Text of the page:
The human body is 70% water. The surface of the earth is 70% water. It is THE most important substance for making life possible. Learn about insightful ideas for using water, keeping it clean and getting it where people need it.
Planet Forward Correspondent | Northwestern University
The Chicago River has been used and abused for decades. Learn about the renaissance the river and its watershed is experiencing thanks to the cleanup efforts of the city and groups like Friends of the Chicago River.
Arizona State University
Fish in the Colorado River are a product of harsh conditions. But human interference in the rivers they call home has pushed a few to the edge of extinction. Luke Runyon of KUNC reports.
Planet Forward Senior Correspondent | Cornell University
Next in our Alaska series: Climate change isn’t just seen – it’s felt. Weather and temperature fluctuations aside, many experience health impacts caused or exacerbated by climate change.
Planet Forward Correspondent | George Washington University
The next piece in our Stories of Alaska series looks at the human impact, from warming climates to microplastics, in one of the least-inhabited places in the United States — and what we're doing about it.
University of Delaware
The health of the Delaware Bay is in question. Human activities, even those at the far reaches of a watershed, can deeply effect a bay's ecosystem. So how can we prevent more damage and work on restoration?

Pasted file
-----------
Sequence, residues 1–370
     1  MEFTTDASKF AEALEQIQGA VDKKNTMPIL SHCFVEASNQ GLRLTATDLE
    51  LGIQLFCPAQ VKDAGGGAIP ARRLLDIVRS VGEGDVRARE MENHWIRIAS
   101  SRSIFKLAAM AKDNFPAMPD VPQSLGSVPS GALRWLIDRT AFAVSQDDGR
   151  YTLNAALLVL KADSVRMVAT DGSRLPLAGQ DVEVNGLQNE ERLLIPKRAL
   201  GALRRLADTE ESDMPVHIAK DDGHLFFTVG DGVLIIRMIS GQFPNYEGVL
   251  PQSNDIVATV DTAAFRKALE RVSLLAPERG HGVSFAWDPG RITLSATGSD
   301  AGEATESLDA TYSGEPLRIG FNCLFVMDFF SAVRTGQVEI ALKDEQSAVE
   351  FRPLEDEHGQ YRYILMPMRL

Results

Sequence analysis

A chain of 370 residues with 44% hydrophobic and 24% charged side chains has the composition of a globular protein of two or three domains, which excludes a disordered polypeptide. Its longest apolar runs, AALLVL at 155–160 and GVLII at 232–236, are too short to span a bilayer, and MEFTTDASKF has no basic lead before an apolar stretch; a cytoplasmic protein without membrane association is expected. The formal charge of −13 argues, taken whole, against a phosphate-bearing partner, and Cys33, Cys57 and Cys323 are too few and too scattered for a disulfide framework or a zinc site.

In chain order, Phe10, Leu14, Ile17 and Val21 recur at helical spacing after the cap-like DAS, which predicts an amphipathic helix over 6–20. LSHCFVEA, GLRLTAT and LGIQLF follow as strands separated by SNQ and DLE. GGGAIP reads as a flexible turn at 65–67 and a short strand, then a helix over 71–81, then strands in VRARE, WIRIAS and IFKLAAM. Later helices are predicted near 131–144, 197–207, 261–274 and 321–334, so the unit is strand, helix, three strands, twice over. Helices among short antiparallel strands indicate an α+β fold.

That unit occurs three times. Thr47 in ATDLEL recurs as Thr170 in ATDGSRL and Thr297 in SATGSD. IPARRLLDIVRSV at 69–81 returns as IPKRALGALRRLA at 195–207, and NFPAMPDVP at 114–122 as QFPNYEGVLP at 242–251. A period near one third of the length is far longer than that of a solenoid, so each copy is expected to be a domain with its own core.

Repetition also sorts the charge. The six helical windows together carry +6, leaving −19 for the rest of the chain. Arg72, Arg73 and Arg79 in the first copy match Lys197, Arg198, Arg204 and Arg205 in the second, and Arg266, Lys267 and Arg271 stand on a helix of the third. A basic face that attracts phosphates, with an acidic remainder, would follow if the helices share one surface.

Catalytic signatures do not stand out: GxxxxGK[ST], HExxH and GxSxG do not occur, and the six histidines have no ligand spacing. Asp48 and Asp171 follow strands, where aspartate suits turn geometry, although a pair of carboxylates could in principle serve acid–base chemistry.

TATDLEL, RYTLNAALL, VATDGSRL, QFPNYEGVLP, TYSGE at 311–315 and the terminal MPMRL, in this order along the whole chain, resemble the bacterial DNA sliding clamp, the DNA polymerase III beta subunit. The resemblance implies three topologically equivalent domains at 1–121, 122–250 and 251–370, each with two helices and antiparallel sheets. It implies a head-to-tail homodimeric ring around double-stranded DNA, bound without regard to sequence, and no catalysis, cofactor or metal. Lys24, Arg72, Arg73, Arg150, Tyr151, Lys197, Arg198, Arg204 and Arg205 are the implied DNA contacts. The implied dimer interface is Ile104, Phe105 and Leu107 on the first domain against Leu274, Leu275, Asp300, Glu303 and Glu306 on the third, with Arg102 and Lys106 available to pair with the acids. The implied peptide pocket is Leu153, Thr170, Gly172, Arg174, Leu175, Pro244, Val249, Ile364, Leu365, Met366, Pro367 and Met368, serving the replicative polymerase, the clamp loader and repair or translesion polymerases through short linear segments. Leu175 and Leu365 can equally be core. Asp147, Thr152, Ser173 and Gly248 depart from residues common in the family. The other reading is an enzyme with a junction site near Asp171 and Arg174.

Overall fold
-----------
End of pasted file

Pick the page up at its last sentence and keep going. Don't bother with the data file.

Medill's Nefertari Bilal reports: The rise of tourism in Guna Yala promises profit, but locals face challenges posed by both globalization that tourism brings and the threat of the industry's collapse, posed by climate change.
Founder and Chief Executive, Planet Forward
We just concluded our 2018 Planet Forward storytelling expedition to Alaska with Lindblad Expeditions aboard the National Geographic Sea Lion. Our Storyfest winners were dazzled by the ecosystems and the wildlife.
University of Delaware
A vernal pool is a pond — but, more specifically, a seasonal one since it typically dries out at some point during the course of the year.
Medill's Jessica Mordacq reports from Panama: The San Blas Islands and Kalu Yala are two very different environments in Panama that both revolve heavily around tourism.
The event marked four years after a state-appointed official made the ill-fated decision to switch Flint’s water source to the Flint River, which resulted in disastrous lead contamination.